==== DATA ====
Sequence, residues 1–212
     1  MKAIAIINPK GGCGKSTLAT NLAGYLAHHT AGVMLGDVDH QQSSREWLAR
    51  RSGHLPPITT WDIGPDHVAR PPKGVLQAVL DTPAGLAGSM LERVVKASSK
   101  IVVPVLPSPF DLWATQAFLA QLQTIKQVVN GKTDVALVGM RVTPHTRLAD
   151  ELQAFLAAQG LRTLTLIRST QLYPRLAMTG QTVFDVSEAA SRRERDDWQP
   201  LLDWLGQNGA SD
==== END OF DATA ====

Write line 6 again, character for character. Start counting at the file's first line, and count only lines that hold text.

   201  LLDWLGQNGA SD